A new poll by Gallup has found that paying for college or paying student loans is the top financial problem for adults who are 18-29 years old, with 21 percent citing the issue. That issue beats out lack of money/low wages (15 percent) and housing costs (14 percent). Paying for college or students was also the top issue cited by those 30 to 49 years old, but the percentage citing the issue was smaller (14 percent).
Higher Education Quick Takes
A new study in Education Next argues that the primary impact of the "10 percent" plan in Texas -- under which those in the top 10 percent of high school graduating classes are assured admission to the public university of their choice in Texas -- has been more on where students enroll, not whether they enroll. The study looks at students in a large urban district, comparing those who just made it into the top 10 percent and those who didn't. The student found those in the top 10 percent are much more likely than the other group to enroll in a flagship university, but they do so at the expense of enrolling at private colleges, and were likely headed to college either way.
San Jose State University has been taking a number of steps in the wake of the shock and anger over last fall's incident in which a black student was tormented for months by his suitemates. A special panel was charged with recommending ideas on how to promote a more racially inclusive and non-discriminatory environment and last week it issued its final list of ideas. Among them: create a new office of diversity engagement and inclusive excellence, conduct a campus climate survey every other year, study why graduation rates are low for black and Latino male students and develop a plan to reverse the trend, and require all students to take a diversity and ethnic studies course.
Northern Kentucky University fired Scott Eaton as athletic director last year for a series of inappropriate relationships with university employees and one student. Since he was fired, an investigation uncovered new allegations that he admitted in court last week. Eaton pleaded guilty to theft in which he used his university credit card to buy more than $300,000 in gift cards for his personal use, The Cincinnati Enquirer reported. He agreed to a 10-year jail term. His lawyer said that "he's not happy about the situation, obviously, but he's happy to begin the process of healing.... He regrets his actions."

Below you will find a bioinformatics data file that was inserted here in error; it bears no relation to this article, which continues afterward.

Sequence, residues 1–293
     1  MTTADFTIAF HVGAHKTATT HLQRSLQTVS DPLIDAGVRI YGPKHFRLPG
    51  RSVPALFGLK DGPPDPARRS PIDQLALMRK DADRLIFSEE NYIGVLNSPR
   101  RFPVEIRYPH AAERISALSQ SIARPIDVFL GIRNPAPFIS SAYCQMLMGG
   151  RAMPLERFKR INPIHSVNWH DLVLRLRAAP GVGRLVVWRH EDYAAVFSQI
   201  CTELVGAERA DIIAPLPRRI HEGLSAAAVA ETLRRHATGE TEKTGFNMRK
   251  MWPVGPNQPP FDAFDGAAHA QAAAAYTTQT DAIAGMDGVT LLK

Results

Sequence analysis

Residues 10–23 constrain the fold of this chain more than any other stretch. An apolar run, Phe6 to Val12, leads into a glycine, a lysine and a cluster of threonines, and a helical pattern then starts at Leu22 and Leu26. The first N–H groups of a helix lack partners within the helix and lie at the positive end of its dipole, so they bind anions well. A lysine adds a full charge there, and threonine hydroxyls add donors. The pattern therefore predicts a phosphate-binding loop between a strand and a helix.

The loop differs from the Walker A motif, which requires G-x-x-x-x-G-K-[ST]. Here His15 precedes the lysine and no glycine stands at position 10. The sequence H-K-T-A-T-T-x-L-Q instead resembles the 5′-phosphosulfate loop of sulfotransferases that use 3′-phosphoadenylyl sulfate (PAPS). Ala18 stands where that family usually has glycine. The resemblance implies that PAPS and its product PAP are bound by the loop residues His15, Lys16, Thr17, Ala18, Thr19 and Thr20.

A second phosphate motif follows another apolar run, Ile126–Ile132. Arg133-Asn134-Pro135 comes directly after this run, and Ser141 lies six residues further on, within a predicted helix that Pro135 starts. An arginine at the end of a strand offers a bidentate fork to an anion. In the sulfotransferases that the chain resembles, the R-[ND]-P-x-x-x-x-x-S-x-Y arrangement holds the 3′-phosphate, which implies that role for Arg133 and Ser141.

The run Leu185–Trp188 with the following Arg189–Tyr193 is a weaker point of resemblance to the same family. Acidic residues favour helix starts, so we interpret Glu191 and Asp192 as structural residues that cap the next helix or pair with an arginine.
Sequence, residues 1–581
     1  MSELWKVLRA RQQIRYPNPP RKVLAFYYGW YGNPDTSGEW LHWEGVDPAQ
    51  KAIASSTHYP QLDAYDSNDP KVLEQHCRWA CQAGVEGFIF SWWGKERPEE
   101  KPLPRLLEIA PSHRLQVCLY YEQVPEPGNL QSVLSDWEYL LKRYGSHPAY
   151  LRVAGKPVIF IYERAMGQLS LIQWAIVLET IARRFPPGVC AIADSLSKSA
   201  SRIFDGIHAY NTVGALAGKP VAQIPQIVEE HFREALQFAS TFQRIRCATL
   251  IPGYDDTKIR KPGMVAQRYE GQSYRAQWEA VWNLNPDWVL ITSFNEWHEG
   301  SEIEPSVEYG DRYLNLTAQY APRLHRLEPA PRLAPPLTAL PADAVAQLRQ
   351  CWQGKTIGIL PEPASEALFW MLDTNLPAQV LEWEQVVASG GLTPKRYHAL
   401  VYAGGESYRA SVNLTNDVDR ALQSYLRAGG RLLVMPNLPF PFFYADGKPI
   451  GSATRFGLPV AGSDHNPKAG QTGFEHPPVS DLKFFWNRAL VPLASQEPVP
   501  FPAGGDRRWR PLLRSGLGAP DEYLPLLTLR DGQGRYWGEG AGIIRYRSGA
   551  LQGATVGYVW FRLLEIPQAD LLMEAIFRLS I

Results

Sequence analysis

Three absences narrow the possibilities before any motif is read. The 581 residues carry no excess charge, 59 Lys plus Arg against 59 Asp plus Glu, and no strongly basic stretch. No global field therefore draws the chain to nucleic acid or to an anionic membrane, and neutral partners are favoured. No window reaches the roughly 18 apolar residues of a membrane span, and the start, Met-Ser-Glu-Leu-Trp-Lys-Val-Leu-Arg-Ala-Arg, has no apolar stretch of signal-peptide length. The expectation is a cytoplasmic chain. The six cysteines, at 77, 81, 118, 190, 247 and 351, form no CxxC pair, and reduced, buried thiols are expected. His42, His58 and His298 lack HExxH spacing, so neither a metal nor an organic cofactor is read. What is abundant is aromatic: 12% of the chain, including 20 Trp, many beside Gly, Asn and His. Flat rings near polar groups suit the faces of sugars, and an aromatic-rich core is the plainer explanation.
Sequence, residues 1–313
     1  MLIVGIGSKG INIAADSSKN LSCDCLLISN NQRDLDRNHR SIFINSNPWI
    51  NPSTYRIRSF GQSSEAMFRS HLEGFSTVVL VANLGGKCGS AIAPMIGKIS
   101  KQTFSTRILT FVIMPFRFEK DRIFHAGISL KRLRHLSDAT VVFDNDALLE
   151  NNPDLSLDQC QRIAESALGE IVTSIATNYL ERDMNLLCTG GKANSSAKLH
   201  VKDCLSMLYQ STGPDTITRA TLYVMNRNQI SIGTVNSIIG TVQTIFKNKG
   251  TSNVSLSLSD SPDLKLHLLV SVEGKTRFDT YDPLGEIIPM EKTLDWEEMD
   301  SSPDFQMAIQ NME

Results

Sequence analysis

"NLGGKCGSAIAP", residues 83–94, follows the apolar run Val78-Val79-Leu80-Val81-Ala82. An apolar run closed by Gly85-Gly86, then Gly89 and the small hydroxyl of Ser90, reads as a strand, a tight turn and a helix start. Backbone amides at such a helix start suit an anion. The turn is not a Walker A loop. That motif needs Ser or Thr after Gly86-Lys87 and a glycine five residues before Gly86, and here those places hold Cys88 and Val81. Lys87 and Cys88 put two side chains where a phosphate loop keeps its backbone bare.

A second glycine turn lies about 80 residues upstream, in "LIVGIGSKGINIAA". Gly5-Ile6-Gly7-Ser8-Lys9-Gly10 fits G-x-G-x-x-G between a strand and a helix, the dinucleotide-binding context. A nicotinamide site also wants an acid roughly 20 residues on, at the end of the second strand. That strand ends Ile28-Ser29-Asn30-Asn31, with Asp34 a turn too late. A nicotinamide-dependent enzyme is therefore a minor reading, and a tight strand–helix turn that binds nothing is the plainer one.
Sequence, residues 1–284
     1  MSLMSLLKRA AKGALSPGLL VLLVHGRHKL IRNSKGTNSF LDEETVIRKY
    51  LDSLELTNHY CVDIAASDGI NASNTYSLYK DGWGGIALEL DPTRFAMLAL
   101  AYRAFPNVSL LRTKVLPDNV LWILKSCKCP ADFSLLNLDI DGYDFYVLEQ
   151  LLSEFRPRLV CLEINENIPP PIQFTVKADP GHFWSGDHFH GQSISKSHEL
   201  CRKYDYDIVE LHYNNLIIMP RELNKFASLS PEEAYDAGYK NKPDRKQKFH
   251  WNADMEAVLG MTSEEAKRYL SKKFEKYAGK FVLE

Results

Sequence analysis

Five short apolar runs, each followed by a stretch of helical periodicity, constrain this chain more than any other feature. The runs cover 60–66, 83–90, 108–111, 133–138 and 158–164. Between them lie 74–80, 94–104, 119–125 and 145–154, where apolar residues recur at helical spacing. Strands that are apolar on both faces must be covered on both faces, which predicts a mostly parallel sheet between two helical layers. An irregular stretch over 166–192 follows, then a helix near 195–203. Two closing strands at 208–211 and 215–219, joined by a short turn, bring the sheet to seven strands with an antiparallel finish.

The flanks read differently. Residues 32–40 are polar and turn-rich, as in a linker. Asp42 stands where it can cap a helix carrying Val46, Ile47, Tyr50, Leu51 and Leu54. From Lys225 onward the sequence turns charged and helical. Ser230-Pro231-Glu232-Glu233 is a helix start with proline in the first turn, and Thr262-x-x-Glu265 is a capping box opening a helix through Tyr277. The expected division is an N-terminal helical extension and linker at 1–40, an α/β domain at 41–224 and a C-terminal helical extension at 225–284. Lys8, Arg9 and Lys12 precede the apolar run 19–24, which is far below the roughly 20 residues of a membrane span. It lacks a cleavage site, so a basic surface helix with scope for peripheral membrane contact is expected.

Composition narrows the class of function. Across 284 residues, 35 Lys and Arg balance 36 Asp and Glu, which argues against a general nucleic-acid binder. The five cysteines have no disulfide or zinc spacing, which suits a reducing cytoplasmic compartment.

An article in The Wall Street Journal explores the rise of collegiate table tennis (calling it ping pong apparently offends those who are serious about the sport). Texas Wesleyan has built up a powerhouse team that dominates American college competitions, but Mississippi College -- with recruits from China -- is emerging as a challenger.
Bryant University has told graduating seniors that they should refrain from taking selfies during commencement, USA Today reported. The president of Bryant, Ronald Machtley, is a social media fan and regularly participates in selfies with students. But officials worry that if many graduates stop for a selfie, the length of the ceremony could get too long.
Graduate assistants at the University of Connecticut, who have organized in affiliation with the United Auto Workers, won union recognition last week from the State Board of Labor Relations. The board verified that a super majority of graduate employees signed cards authorizing the Graduate Employee Union, or GEU-UAW, to represent them in collective bargaining. The unit is made up of 2,135 students, and bargaining will focus on work place issues, not academic ones. Stephanie Reitz, a university spokeswoman, said via email: “The university has been, and will continue to be, neutral with regard to this effort. Individual graduate students are free to make their own decisions.”
University of Illinois officials fear a massive wave of retirements across all three system campuses due to a glitch in a recently adopted pension reform law. A wording change -- apparently not intended -- in the law could give people much larger retirement benefits if they leave by the end of June than after that. Officials are working on a fix with the state, and warning that the system could be seriously disrupted by retirements if a solution cannot be found to the problem.
The University of Louisville has agreed to pay $346,844 to Angela Koshewa, who is retiring as the institution's top lawyer, The Courier-Journal reported. Details on why this agreement would be needed were unavailable, but both signed a deal stating that the money reflects a "desire to settle … any and all possible claims and differences among them." The move follows other large payments to departing senior officials.